United Nations humanitarian agencies and their partners need to scale up aid to remote eastern and north-eastern areas of the Democratic Republic of the Congo (DRC), a senior United Nations official said today, warning that as many as 1.7 million people remain displaced from their homes and in fear of daily attacks from armed groups.
Assistant Secretary-General Catherine Bragg, who is the UN's Deputy Emergency Relief Coordinator, wrapped up a five-day visit to the DRC in which she met Government officials, UN peacekeepers, aid workers and many Congolese who have had to flee their homes because of insecurity.
Ms. Bragg said the large numbers of displaced in the east and northeast of the DRC fear attacks from armed groups who continue to kill, maim, rape, kidnap, loot and burn down houses. While some people feel safe enough to return to their homes, others are being freshly displaced.
“Those who are being displaced are in the most remote areas, often living in isolated communities where there is little Government presence,” Ms. Bragg told a press conference in Kinshasa, the Congolese capital.
“Access to this population is difficult because of physical obstacles, including lack of roads, as well as insecurity.”
Ms. Bragg travelled to the north-eastern town of Dungu, where thousands of people are living in camps because of the violence of armed groups, particularly the notorious Lord's Resistance Army (LRA).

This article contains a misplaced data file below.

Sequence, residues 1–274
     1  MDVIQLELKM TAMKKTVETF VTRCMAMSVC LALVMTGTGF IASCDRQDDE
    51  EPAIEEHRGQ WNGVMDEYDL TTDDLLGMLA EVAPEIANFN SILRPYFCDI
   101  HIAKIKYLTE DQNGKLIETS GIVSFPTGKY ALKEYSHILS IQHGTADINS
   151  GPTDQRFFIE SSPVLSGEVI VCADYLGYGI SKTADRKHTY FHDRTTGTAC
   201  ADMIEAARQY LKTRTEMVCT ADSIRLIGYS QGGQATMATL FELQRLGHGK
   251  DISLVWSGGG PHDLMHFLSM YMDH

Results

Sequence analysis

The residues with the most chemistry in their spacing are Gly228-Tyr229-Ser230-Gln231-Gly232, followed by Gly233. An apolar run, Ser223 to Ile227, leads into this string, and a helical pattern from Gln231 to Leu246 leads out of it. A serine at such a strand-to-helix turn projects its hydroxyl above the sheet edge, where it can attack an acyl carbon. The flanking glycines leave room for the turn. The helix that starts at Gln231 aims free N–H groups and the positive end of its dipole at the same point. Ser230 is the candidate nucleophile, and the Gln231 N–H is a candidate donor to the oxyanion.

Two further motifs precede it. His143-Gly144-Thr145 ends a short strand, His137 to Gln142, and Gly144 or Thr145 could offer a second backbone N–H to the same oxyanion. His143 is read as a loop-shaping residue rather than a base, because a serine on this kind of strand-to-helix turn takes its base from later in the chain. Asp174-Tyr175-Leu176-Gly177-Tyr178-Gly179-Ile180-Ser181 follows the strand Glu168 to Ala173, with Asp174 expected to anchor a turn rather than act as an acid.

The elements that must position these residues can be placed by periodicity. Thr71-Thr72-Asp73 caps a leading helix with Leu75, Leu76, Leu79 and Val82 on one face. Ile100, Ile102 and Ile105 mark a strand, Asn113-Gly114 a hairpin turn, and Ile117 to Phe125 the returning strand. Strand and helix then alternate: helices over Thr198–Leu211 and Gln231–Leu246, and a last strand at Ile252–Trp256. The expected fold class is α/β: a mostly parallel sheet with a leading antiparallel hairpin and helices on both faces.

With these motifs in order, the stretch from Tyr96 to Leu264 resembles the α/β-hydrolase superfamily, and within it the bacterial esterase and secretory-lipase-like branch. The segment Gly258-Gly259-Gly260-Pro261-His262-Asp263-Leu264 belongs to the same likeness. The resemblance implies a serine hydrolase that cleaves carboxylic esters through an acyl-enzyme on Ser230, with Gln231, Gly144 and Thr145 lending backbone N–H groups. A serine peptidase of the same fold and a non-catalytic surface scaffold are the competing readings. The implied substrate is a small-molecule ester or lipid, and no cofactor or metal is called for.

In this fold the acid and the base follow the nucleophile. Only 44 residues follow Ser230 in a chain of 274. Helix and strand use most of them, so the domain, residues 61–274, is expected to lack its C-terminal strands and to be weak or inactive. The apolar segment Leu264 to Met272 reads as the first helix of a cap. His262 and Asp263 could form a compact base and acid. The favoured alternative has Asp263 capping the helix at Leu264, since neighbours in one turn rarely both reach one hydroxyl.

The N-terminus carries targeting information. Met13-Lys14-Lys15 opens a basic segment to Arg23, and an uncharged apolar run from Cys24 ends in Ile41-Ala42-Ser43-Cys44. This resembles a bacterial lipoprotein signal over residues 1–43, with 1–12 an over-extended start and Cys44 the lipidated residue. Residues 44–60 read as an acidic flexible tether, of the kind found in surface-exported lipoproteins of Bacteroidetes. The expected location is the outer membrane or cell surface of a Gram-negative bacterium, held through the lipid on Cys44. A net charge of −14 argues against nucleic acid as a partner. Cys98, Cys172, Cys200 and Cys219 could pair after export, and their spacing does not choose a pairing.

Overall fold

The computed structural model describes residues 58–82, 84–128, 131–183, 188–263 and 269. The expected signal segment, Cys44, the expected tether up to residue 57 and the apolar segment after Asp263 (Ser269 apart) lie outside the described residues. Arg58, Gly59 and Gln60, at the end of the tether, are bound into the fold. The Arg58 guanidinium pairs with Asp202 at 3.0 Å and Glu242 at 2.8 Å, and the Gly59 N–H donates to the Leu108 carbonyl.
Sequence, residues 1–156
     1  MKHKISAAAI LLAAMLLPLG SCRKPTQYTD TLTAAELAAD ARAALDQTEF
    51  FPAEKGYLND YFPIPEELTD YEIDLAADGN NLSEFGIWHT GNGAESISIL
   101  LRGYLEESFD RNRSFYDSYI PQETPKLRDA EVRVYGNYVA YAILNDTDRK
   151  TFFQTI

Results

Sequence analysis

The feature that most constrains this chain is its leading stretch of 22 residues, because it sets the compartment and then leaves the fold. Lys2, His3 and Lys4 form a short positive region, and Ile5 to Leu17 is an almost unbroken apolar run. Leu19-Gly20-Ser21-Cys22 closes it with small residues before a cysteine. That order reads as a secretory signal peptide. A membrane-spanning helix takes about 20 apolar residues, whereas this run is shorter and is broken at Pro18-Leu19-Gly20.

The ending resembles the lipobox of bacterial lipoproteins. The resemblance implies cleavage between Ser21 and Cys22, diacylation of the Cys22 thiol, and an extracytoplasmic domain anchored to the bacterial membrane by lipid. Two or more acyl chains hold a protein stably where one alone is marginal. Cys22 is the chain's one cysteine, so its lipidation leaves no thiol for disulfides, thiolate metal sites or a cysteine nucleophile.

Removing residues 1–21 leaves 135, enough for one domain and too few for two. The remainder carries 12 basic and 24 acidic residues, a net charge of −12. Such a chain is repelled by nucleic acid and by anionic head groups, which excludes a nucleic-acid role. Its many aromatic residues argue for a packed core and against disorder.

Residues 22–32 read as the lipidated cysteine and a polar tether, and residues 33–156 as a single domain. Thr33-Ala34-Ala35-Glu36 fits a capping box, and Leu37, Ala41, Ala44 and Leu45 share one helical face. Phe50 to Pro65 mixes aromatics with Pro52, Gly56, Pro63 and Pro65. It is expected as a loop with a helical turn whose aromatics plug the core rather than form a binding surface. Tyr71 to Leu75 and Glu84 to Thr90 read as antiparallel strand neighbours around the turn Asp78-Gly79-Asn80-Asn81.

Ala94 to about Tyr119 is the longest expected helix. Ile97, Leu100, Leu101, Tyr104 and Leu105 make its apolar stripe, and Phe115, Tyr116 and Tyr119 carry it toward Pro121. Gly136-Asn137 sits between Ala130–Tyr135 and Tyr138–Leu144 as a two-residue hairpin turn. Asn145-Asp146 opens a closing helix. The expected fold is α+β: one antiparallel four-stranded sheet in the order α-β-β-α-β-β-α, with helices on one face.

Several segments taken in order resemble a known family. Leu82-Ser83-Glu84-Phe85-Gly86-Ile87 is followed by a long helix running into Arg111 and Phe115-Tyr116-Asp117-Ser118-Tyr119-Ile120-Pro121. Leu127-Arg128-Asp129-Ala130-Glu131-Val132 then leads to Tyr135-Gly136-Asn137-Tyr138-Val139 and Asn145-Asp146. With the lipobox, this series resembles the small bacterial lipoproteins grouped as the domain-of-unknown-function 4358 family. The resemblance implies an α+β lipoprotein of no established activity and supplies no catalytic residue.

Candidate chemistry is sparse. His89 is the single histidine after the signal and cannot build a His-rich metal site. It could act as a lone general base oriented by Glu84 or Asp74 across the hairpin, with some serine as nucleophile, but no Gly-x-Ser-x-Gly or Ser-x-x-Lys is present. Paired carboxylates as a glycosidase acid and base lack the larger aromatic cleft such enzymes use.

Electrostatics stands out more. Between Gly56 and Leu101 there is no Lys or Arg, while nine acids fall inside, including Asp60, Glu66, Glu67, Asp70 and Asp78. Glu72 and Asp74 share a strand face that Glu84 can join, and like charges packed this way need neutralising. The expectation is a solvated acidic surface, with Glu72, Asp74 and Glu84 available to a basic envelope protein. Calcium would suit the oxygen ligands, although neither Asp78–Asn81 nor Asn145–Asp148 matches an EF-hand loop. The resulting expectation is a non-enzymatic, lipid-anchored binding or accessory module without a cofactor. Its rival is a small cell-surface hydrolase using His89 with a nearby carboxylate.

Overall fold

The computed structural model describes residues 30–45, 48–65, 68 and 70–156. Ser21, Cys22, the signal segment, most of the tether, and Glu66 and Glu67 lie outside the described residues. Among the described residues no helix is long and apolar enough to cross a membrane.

“The isolation of many of the affected villages is a major challenge. We need to do more but also need to transform their daily reality. This requires the continuation of the provision of humanitarian aid, a level of protection afforded by the presence of humanitarian organizations, the work done by the peacekeepers, and the Congolese army.”
The Assistant Secretary-General called for better coordination between humanitarian agencies, development agencies and those involved in stabilizing the country, such as the UN peacekeeping mission (MONUSCO).
But she noted that the humanitarian support plan for the DRC has received only 41 per cent of its target funding, and she called on the international community to increase its support.
“The survival of almost two million IDPs, many more returnees and others largely depends on international assistance.”